Each composition can create different potential environments to orient ourselves in.

Could the unease felt when seeing some fractal forms mentioned by Michael Kaschalk in his talk at BFX Festival Relate to an unease at not being able to use our usual orienting skills to map the territory? Are we disoriented, to some extent sensing a boundary of madness, the state when our mapping system lets us down by misinterpreting our environment making dwelling in it difficult? Being unable to differentiate correctly we are thrown into whatever reaction we are inclined to have to the unknown, unusual, or uncanny. Is it indeed similar in some ways tho the “uncanny valley” effect in robotics and moving pictures?

How can we tell? How prove that this is happening? We cant’t.. We could set up scientific experiments to measure things and apply mathematics to generate a scientific “strong hypothesis” but we might as well ( rather than alternatively) trust our natural judgement through our personal mapping abilities.

We Are Maps

The other day, I was imagining the way our consciousness might appear if it is constructed as the result of the activity of our neurons and it seemed to me that the network of connections and their level of interactivity is rather like a multidimensional map of sorts. Then it struck me that if that is the case we may actually be seen as maps. Complex, dynamically, self-aware maps perhaps, but maps all the same. Mind maps begin to have a peculiar resonance and exploring their potential as ways of representing personality becomes an interesting proposition.

In the programs that I use to make my artwork the representation of the behaviours of the ‘entities’ that generate patterns through their interaction are designed using symbol state tables, which are actually very simple versions of these kinds of map and almost constitute programs in themselves. I will now be looking for others who have had the same idea to see where they have taken it.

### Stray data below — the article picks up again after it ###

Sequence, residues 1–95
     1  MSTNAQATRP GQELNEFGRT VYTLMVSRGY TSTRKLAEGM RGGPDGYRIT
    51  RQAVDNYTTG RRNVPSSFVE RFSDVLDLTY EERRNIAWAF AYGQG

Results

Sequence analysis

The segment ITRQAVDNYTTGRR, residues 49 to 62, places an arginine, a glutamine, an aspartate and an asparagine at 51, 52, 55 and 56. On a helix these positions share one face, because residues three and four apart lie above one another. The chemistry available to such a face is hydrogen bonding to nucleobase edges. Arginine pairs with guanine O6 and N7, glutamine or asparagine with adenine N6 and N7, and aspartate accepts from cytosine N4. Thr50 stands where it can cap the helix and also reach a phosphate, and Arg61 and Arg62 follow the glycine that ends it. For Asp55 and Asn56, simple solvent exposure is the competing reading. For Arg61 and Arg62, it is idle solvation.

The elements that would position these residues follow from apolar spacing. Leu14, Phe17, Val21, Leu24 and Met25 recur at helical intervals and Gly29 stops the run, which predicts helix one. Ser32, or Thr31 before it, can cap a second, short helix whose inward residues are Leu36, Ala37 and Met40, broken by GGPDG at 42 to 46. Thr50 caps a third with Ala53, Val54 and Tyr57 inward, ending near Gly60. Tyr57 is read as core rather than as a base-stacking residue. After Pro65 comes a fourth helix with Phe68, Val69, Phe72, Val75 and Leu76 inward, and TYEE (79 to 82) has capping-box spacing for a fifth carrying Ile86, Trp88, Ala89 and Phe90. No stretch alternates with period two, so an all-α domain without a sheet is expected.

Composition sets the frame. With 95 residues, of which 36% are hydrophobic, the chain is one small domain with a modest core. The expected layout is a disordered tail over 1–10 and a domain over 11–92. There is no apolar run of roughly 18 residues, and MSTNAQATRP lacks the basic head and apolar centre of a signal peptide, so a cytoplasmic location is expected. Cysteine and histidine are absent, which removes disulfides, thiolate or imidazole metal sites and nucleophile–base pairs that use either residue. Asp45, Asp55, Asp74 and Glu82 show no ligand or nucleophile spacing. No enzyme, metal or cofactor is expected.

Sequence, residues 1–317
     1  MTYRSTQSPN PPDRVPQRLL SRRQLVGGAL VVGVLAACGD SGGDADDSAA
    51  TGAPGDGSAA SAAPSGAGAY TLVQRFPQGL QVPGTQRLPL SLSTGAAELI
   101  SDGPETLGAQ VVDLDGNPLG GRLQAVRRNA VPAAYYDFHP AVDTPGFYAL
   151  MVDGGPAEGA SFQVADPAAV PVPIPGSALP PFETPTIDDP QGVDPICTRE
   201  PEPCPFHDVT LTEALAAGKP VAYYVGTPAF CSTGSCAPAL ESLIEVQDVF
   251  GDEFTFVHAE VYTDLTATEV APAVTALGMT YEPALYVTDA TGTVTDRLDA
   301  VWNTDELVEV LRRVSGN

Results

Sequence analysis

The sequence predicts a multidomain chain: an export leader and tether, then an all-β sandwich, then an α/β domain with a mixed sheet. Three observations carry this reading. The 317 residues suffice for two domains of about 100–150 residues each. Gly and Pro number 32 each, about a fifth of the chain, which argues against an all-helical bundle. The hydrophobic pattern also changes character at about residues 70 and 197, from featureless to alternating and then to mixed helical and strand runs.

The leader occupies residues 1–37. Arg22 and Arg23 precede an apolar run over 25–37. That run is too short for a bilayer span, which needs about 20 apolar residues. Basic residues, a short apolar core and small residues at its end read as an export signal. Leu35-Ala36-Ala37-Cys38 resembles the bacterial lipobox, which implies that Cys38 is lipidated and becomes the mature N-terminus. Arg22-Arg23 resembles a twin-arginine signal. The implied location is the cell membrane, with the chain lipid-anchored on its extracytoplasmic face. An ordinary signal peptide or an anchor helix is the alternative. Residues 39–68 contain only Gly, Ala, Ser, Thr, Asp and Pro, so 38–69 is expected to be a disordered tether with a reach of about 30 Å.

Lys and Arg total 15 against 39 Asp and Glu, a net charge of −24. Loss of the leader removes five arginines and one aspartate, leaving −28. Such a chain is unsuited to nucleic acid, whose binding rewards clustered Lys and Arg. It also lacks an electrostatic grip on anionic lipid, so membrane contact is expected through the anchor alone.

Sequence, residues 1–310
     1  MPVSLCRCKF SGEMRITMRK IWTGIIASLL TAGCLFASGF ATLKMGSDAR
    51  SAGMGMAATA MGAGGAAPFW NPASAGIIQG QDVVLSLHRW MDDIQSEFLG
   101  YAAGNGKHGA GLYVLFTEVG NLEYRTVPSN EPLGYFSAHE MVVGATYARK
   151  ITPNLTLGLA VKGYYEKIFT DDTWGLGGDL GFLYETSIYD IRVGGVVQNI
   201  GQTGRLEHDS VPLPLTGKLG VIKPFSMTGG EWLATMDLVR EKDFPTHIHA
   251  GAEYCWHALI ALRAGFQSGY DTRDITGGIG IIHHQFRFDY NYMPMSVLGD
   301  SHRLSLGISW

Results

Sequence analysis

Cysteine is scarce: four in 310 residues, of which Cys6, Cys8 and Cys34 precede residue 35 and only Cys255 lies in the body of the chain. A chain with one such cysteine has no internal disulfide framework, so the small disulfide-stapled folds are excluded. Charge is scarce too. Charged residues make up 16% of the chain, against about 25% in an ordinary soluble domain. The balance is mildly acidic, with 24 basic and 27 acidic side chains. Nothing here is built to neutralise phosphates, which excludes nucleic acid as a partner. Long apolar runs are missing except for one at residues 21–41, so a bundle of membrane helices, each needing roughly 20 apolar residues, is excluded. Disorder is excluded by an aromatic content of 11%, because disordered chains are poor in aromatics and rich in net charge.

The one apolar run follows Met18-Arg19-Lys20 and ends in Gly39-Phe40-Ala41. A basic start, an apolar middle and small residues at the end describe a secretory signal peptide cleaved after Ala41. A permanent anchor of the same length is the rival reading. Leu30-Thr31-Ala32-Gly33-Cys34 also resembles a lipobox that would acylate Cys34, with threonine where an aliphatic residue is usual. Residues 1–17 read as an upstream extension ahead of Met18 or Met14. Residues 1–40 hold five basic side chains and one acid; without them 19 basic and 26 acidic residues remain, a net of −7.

Interface for behaviour design,1985
Interface for behaviour design,1985

what I mean by mapping

In the introduction to their book Mapping; Ways of Representing the World Daniel Dorling and David Fairbairn refer to mapping as “… the mental interpretation of the world”. This concept of mapping would appear to be similar to the process described by Edward C Tolman, who in Cognitive Maps in Rats and Men argued that the responses of rats navigating mazes were based on cognitive maps, a cognitive map being a “… tentative map, indicating routes and paths and environmental relationships …”.

mapping and my artwork

Since 1977 I have been producing graphic artwork by programming computers. Since 1985 I have been using an approach where the programs create images by generating and recording the behaviours of imaginary creatures. The artworks are, in a way, maps of the creatures’ behaviours. Some of this work can be seen on my Vimeo site.

When writing the programs I also am involved in a kind of mapping process. To design a program I have to build a mental map of what should happen when the programs are working. in a sense, I have to imagine how the creatures might map their environment. I also have to think about how to translate my idea for the program into programming language – this is another kind of mapping.

Thinking about how imaginary creatures might think ties in with my interest in how humans think.